“Damboa Local Government Area is all forest like Askira/Uba. Chibok lies in the centre with both Damboa and Askira/Uba currently housing thousands of terrorists in hundreds of camps. If you talk to our people about this, all they will tell you is that only God can save the situation. I have done a lot on this you know and it is making me feel sick because it looks like the governments at state level and national have abandoned the people of Chibok to fate.
“The Damboa-Biu road, which was abandoned for a long time, is the insurgents’ crossing point to either Alagarno or Sambisa and Chibok may just happen to be an unfortunate location. The whole of Chibok is a farming community. So, it is like the food barn for the insurgents that each time they are in need, they come for it,” he said.
Also while speaking on the abduction of the 276 Chibok girls, Manasseh said, 110 are still in captivity.
According to him, Chibok people, concerned Nigerians and members of the BBOG have not stopped their calls on this regime to do the needful and rescue the remaining girls in captivity.
“We shall not get tired of doing the right thing in the face of mountains of challenges. Unfortunately, most of our challenges are coming from the same government, which promised to ensure the return of these girls. But we shall remain a constant reminder to them that some people have not let sleep overtake them as they stood for these Chibok girls and many others still in Boko Haram custody until they are brought back and reunited with members of their families,” Allen Manasseh said.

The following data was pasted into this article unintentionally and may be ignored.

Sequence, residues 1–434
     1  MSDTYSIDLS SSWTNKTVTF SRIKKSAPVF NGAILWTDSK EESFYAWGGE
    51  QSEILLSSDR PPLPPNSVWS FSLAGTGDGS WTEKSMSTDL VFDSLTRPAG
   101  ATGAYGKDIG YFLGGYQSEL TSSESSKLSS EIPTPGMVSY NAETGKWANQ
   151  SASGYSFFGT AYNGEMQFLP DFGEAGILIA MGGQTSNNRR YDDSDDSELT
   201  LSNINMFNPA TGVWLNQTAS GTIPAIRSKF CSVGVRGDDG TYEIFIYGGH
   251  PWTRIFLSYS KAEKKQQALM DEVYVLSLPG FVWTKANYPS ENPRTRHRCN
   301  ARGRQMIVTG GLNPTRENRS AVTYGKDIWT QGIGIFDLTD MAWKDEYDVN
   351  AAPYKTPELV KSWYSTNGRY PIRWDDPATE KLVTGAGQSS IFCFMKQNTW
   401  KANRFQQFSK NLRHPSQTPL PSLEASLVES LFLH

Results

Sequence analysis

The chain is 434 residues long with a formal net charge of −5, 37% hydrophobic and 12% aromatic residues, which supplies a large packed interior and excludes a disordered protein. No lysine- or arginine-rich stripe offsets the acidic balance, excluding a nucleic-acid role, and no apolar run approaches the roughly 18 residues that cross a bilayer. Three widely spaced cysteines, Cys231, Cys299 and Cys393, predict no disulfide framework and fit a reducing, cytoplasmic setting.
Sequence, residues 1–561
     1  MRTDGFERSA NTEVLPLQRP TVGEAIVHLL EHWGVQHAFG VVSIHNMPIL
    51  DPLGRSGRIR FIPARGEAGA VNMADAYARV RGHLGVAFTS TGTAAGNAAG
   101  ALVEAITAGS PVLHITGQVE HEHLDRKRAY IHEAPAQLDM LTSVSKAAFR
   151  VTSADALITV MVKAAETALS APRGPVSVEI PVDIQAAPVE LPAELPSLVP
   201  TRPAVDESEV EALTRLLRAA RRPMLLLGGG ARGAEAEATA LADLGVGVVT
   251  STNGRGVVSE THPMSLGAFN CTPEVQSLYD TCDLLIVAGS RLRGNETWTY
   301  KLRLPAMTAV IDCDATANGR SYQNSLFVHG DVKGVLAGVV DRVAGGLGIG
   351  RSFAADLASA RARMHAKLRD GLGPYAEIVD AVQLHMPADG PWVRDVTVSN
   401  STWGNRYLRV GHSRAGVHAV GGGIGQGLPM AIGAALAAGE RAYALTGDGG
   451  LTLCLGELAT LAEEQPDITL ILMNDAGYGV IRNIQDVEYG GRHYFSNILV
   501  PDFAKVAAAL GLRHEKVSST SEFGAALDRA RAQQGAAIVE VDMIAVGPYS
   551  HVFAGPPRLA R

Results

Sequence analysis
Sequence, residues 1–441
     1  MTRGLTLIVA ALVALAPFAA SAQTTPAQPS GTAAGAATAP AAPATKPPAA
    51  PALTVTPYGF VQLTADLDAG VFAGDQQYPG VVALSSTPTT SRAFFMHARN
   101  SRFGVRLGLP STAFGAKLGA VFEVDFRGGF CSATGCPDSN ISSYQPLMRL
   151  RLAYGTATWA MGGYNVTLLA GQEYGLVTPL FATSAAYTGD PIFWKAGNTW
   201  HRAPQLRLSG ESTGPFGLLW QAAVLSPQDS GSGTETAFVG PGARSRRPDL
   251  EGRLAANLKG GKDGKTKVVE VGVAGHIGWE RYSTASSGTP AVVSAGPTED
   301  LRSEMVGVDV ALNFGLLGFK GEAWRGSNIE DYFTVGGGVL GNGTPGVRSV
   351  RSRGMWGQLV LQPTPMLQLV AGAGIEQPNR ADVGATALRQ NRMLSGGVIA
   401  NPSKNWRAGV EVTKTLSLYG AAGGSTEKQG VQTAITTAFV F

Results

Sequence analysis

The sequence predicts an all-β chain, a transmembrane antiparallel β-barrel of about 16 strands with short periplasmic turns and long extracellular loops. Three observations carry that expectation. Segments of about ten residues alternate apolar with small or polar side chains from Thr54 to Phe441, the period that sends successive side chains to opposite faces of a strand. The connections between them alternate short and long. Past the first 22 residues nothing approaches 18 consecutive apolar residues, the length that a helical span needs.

Speaking on the constant breach of security in and around Chibok town, a security source told reporters on Saturday, that the fight in the northeast region is not only a physical fight but a war of ideology.
“Unless the government and religious leaders come in to disabuse the mind of some of these fighters and make them understand that they are not doing well for their country and also tell them the religious wrong in their message, I am afraid, we will continue to fight in the northeast for a while.
“Security breach is not only about Chibok, everywhere that we have been fighting in the northeast have experienced this. Also, there are saboteurs, who want this conflict to continue for their own benefit. Why Chibok? I can tell you that Chibok is one of the areas that have a lot of hiding places because of the rocks and mountains as well as caves. I never knew Chibok has some of the caves I have seen in other places until work brought me here.
“Also, you look at the distance between Chibok and Gwoza, Askira/Uba and Damboa. Being close to Chibok makes it more vulnerable to attacks because all these areas have camps housing terrorists,” he said.
Efforts were made to to talk to the Director Army Public Relations, Brigadier General Onyema Nwachukwu, but all attempts could not yield result as he could not answer his calls on Saturday evening.
However, sources in Chibok said the situation is still tense as people in Pemi continue to count their losses after the attack on Thursday.
“Attacks in Chibok may not end soon,” Sunday Mutah, a resident of Chibok town, told reporters.
“This is just the truth. We have been saying it. A lot of write ups have been made, people have come all the way from distant places to interview us in Chibok. Media people have been writing and we have been reading, but this government turns deaf ears to our cries,” he lamented.